Other strategies use ramp to skip the early turns and start immediately chaining three- to five-mana threats as a tempo play — think Llanowar Elves into Steel Leaf Champion from older formats. 

The fast start offered by dorks and landfall is also good here, but you’re equally happy to play Explore or any other ramp you can get at that cost. Landfall or extra land drops are a little worse, since you want extra mana to be consistently available and may not be able to afford to play high land counts like the decks that can win with one spell. The spell-lands that offer a creature side — particularly Kazandu Mammoth and Turntimber Symbiosis — can be a decent compromise here.

The third goal you can work toward is probably the most exciting: using all that mana to combo off in one supernova turn. Of course, any combo deck which needs to hit a certain mana threshold for its winning line can use ramp to effectively reduce its clock, but there are other combos that make assembling a huge pile of lands or mana their primary wincon. In current Standard, the key enabler is Lotus Cobra, with its uncapped, immediate, and stackable mana generation. What you plan to ultimately use that mana for is, as usual, less important than working out how to harness the Cobra as effectively and reliably as possible.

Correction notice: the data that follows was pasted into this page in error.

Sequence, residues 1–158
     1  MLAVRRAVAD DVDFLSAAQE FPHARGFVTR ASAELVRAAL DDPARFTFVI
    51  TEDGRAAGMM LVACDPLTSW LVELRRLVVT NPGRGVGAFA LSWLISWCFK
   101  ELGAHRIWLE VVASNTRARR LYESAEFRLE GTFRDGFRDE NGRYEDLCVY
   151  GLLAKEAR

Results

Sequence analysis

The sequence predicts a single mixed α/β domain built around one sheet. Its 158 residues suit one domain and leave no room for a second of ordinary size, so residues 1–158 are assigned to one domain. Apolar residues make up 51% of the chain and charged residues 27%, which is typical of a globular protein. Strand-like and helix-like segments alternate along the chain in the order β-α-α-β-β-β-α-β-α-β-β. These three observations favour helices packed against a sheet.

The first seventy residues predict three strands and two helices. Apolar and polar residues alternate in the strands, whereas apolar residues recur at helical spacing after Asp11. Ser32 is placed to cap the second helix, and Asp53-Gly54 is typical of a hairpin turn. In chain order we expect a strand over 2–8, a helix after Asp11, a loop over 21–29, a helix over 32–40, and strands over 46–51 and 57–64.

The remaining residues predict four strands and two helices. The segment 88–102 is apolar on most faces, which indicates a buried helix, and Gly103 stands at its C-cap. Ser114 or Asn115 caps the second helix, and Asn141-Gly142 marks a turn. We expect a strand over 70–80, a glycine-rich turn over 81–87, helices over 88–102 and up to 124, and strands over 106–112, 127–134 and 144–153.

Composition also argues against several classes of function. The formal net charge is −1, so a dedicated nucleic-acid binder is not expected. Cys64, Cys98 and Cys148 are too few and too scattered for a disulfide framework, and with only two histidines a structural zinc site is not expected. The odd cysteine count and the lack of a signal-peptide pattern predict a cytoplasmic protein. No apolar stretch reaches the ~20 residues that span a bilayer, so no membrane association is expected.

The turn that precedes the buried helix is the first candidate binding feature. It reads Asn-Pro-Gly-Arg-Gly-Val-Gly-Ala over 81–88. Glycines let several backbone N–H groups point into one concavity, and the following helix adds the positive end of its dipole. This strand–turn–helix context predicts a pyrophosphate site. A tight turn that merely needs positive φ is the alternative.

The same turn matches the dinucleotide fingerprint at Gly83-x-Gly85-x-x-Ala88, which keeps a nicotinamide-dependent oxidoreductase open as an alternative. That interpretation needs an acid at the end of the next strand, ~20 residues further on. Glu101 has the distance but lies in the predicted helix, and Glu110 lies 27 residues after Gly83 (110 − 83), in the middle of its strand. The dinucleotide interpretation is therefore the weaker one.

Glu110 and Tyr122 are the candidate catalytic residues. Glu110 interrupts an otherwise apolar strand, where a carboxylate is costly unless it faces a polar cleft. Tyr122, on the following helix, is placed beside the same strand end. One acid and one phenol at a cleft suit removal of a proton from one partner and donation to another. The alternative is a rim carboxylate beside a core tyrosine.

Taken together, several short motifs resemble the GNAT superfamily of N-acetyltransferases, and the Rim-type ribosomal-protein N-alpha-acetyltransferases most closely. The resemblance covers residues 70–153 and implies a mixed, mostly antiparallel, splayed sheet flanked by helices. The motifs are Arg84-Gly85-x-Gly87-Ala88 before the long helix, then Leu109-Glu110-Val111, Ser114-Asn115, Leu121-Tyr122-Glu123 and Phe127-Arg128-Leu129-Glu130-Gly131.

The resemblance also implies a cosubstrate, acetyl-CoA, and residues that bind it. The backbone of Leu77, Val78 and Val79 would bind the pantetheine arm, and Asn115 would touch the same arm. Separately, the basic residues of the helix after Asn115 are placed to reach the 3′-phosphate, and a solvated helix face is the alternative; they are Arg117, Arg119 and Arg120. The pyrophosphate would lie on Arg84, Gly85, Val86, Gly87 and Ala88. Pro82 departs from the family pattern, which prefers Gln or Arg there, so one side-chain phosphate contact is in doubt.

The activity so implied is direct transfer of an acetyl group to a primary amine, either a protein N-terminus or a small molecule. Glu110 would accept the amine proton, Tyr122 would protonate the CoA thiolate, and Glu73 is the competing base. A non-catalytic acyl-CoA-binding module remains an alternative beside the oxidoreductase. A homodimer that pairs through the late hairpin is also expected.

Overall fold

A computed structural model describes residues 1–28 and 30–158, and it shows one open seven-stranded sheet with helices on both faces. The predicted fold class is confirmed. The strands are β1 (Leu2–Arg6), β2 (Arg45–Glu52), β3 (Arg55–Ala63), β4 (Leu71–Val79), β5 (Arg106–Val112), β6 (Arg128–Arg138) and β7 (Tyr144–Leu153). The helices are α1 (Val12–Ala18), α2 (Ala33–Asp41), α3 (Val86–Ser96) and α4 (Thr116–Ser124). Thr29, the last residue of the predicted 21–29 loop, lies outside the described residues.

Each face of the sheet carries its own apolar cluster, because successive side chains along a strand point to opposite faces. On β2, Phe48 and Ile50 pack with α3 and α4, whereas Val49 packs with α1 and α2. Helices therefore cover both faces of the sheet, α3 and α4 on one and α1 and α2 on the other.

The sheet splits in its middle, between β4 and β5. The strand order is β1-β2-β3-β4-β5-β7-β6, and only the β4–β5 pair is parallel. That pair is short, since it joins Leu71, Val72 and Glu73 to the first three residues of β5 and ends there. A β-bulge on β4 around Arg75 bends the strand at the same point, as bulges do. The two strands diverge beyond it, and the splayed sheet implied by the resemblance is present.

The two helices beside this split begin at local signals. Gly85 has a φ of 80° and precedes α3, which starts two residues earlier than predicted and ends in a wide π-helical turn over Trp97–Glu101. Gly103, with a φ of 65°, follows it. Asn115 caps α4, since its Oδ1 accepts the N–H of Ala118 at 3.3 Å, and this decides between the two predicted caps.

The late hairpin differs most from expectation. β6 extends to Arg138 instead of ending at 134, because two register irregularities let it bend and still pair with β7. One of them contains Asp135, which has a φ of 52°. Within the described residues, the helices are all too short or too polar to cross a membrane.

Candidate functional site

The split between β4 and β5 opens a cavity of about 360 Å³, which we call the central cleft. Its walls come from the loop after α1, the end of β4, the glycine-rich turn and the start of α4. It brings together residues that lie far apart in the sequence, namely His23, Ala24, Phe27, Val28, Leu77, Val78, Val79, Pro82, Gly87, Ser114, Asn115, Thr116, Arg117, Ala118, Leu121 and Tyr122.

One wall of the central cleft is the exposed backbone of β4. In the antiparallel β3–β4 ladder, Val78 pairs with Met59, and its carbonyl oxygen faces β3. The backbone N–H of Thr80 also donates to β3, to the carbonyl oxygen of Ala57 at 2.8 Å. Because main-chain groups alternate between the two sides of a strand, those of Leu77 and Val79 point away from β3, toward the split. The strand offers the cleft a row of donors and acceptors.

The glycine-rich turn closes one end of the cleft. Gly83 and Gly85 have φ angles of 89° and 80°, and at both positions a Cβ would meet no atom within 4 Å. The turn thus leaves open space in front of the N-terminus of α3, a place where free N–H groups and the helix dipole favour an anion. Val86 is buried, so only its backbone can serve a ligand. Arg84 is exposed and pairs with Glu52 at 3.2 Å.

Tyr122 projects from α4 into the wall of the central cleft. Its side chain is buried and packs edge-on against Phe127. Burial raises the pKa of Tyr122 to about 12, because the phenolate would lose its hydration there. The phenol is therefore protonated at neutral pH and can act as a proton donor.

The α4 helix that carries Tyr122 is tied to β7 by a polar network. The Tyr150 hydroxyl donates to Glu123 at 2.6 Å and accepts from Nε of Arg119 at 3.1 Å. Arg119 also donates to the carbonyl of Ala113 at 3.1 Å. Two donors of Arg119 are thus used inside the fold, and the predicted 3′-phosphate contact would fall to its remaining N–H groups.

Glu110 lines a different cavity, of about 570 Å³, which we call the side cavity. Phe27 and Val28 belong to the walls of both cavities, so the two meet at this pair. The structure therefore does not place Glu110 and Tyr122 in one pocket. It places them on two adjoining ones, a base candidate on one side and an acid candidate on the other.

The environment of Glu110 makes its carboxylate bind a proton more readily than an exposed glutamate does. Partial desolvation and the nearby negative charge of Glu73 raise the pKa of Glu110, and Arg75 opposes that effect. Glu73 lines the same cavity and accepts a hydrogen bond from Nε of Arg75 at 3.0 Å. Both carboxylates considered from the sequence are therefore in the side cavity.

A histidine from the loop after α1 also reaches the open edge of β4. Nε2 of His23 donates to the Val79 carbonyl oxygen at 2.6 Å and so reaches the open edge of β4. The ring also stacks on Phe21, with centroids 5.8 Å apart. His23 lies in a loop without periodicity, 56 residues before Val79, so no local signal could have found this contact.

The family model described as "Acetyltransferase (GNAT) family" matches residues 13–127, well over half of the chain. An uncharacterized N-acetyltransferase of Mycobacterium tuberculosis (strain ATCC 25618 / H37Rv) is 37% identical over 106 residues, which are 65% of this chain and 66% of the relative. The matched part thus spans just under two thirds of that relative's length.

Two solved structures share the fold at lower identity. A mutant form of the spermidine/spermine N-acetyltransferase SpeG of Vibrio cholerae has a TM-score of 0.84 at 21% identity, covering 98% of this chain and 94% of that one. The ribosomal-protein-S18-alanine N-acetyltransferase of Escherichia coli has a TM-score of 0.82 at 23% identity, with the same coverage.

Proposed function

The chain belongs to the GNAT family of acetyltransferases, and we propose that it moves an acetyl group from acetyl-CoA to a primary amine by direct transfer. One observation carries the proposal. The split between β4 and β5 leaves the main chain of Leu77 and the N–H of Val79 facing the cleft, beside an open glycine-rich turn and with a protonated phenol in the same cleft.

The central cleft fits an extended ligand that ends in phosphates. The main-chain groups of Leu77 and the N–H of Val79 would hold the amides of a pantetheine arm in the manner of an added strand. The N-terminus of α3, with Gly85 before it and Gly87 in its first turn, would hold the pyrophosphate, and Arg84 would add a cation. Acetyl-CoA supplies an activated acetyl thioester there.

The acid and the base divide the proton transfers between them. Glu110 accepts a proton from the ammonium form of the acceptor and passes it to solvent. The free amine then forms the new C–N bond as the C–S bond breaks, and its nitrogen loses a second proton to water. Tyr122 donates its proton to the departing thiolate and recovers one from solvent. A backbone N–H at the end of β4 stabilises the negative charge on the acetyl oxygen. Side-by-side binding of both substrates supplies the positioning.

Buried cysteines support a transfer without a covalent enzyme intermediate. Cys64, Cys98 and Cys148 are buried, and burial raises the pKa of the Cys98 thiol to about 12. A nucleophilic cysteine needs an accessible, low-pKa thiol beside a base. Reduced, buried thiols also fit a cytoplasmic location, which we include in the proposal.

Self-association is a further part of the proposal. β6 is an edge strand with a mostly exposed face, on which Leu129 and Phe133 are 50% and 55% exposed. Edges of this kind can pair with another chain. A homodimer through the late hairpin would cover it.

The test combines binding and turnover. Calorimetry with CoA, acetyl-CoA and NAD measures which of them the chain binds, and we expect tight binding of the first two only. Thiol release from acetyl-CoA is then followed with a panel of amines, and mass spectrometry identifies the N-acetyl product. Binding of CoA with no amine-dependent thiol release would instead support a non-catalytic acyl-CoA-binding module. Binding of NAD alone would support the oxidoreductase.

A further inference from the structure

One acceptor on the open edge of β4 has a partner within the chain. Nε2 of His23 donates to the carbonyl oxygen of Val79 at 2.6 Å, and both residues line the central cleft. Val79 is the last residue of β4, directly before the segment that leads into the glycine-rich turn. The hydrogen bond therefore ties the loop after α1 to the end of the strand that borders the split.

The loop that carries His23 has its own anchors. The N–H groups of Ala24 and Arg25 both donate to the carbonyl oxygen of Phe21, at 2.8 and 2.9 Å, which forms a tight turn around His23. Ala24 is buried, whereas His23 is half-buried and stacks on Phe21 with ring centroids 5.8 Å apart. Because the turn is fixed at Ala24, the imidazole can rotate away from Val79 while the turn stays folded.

Obviously, Cobra combo decks like my example above are going to favor effects that trigger landfall: extra land drops and land searching. Land searching can be useful before combo turns for thinning your deck and setting up a good amount of starting mana without using up “ammunition” from your hand. But it’s still important to have extra land drops, as those produce instant positive mana like the Cobra does, giving you a hint of combo redundancy. Valakut Awakening, Nahiri’s Lithoforming and Radha (especially combined with Vivien, Monsters’ Advocate) help churn through your deck, which is even more powerful when you stack the deck with spell-lands.

Turning Up the Bass

Choosing your ramp spells is only half the equation. How you construct your mana base is an intrinsically linked set of decisions, and you should ideally do both at the same time.